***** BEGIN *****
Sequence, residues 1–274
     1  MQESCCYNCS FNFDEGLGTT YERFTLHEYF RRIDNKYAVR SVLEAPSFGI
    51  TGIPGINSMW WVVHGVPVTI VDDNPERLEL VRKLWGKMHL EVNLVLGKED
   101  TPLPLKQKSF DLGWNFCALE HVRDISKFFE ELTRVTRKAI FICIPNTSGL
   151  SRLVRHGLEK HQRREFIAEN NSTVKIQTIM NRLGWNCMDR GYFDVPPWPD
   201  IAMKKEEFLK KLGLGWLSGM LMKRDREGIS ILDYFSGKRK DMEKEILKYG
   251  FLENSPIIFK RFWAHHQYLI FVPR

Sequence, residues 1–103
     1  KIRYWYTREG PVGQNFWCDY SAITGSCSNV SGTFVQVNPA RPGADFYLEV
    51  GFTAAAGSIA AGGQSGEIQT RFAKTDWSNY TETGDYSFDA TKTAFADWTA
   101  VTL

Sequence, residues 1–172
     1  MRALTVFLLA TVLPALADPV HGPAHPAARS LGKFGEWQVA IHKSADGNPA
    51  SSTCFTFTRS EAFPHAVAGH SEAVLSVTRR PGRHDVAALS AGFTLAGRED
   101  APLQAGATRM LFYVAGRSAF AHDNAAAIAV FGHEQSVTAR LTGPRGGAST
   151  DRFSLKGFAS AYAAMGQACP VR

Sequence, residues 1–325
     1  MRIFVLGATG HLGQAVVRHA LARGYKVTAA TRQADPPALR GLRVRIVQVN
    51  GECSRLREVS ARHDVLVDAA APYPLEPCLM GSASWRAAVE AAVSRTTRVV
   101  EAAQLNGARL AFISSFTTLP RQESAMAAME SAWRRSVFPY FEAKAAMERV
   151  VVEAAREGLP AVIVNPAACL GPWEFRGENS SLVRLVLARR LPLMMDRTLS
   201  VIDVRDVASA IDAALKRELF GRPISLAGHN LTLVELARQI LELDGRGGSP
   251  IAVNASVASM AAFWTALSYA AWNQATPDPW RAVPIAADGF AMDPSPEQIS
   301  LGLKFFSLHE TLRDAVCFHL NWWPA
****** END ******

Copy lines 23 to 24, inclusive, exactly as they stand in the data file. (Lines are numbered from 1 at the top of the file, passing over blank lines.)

   251  IAVNASVASM AAFWTALSYA AWNQATPDPW RAVPIAADGF AMDPSPEQIS
   301  LGLKFFSLHE TLRDAVCFHL NWWPA